Tuesday, February 23, 2010

Conserve Your Own Backyard, Please

The round table discussion started off rough today. News of the President's proposal to establish new national monuments had everyone bristled up. I had to admit, this unsettled me as well.

It seems that urban folk or those who do not make a living off the land have little compassion, understanding, or desire to keep economies thriving in rural America. They seem (and mind you, I've lived in Boston and Moscow, Russia, so I know the urban life) to think that developing their opportunities are fine, but "whoa" to the the west if they try to make a living, a life, and a future of their own choosing.

After reading through the nationwide proposals, I felt that I could not remain silent on this matter. Conserving land directly affects me: my job, my neighbors and my community. It affects our tax base, our schools, health care, and viability of even being in existence as a beautiful community on the Rocky Mountain Front.

I posted the following on a proponent's blog because I feel that rural America is either too often silent or too small to be heard. It can be found on the New West blog:

"Speaking as a native Montanan, I have to express that this idea is a poor one for Montanans. Our number one tax base is agricultural lands and products.

When land is taken out of production, as it has been for programs like the Conservation Reserve Program, (CRP) it compromises our economies by eliminating the tax base that we so desperately need to run all of our public services: schools, health and family services, higher education, protective services, natural resource management and the like.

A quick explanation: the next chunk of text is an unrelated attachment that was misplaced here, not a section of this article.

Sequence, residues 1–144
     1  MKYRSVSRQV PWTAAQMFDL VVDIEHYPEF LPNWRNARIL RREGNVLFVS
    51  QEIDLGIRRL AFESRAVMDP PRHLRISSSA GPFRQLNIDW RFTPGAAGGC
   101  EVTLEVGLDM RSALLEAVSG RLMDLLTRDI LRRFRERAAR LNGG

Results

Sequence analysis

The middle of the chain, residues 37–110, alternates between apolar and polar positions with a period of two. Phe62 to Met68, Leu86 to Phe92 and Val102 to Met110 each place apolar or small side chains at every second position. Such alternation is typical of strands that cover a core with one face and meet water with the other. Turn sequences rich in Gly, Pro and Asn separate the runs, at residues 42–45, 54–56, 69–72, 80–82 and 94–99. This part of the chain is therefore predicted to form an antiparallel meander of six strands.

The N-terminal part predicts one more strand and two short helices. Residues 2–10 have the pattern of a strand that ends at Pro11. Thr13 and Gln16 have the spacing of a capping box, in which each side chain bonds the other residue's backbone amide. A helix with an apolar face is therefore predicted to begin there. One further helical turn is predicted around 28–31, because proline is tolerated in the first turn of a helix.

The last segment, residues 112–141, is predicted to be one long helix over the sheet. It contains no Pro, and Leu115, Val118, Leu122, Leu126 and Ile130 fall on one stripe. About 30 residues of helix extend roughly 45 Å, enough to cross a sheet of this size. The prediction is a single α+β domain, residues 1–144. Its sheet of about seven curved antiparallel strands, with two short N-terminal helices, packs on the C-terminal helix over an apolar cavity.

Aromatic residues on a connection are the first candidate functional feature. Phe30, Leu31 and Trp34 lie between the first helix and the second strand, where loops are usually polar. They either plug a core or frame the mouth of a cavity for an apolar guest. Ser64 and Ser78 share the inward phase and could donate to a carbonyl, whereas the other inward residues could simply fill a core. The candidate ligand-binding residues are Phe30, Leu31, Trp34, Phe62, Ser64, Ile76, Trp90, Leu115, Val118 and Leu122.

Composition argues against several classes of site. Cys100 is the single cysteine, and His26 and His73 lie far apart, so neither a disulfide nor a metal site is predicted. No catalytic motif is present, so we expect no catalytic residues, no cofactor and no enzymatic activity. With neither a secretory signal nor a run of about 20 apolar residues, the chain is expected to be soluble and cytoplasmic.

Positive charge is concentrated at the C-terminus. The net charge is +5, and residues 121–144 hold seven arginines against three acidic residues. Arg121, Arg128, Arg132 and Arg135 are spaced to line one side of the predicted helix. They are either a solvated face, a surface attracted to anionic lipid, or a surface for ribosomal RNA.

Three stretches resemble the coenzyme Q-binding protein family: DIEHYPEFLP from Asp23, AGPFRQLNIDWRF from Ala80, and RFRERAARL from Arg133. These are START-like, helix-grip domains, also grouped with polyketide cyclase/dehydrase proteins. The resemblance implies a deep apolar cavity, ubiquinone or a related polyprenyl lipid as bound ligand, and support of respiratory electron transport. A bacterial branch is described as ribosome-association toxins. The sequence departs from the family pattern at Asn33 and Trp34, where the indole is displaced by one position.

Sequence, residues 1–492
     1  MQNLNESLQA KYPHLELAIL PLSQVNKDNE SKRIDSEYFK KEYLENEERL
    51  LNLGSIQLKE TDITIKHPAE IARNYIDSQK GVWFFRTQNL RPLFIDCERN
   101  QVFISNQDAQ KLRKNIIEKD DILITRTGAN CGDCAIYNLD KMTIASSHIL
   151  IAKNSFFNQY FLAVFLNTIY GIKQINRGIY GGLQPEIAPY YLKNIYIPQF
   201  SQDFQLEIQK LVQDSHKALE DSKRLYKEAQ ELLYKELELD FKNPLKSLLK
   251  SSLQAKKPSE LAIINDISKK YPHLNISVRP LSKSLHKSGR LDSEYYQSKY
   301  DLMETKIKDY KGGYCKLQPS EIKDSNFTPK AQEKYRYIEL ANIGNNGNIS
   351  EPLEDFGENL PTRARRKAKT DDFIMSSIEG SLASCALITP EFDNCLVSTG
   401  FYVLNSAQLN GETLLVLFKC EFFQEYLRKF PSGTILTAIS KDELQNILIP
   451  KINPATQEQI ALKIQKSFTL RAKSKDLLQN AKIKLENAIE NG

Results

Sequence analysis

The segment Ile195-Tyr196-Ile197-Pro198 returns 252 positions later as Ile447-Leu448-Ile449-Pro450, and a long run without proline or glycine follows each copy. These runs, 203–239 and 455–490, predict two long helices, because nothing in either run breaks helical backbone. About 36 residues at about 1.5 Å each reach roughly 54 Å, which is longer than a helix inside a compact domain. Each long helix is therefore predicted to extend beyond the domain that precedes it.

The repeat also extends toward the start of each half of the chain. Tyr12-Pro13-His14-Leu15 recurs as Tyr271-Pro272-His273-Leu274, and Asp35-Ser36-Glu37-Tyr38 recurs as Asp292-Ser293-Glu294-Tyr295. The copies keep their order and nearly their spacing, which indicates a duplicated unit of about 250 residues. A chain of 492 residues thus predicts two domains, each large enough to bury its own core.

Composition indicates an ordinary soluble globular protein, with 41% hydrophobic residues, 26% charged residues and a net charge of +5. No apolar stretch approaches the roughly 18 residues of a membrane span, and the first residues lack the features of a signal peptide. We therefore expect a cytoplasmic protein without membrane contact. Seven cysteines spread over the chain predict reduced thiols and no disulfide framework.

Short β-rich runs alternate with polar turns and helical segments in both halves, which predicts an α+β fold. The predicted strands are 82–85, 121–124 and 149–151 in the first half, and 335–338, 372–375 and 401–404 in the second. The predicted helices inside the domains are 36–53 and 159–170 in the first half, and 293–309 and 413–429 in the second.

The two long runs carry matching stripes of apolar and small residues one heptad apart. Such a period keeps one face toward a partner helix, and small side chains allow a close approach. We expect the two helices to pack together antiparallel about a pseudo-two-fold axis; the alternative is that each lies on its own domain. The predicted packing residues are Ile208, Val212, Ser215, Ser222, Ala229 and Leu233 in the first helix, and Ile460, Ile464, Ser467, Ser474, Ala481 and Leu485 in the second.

Some may argue that we take land out of production for the "future". What this has done to communities such as the one I returned to, is provide a shaky and uncertain future. For example, before CRP programs went into effect, we had 4 grocery stores, 3 implement dealers, 2 car dealerships, 7 restaurants, and 5 bars.

Today, we have 1 grocery store, 1 implement dealer, 1 car dealership, 4 restaurants, and 3 bars. Our county-wide working young have been leaving at a rate of 6% a year. We have lost a large part of our economy due to land being out of production. Railroad companies now pick up grain at better prices elsewhere. And, contrary to urban predictions that tourism or eco-tourism would make up the balance, that the rest of America would thank us for our sacrifice, it makes up a mere 2% of our tax receipts.

Others argue, it's for the long-haul, the soil bank. Well, CRP contracts come out every 10 years, so really, in less than 30 years, a generation, the program is coming to a slow close. We saved soil, but we grew abundant noxious and invasive weeds that threaten the native species ranchers worked so hard to manage. We didn't cure saline seeps (only better water management did that on PRODUCTIVE land, with PRECISION agricultural equipment and management practices.)

If you lived on this land, if you had to make your living from this land and the tax dollars it provides, you would not wish it to be locked up for future generations. Rather, you would continue to work, improving its value and place so that your grandchildren actually HAD a place to return to."

No comments:

Post a Comment